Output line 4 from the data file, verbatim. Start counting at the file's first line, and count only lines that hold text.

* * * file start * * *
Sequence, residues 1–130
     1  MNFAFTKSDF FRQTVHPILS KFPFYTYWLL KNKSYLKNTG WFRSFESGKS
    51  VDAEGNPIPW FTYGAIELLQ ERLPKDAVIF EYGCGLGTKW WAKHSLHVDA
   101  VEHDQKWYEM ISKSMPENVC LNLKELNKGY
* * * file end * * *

   101  VEHDQKWYEM ISKSMPENVC LNLKELNKGY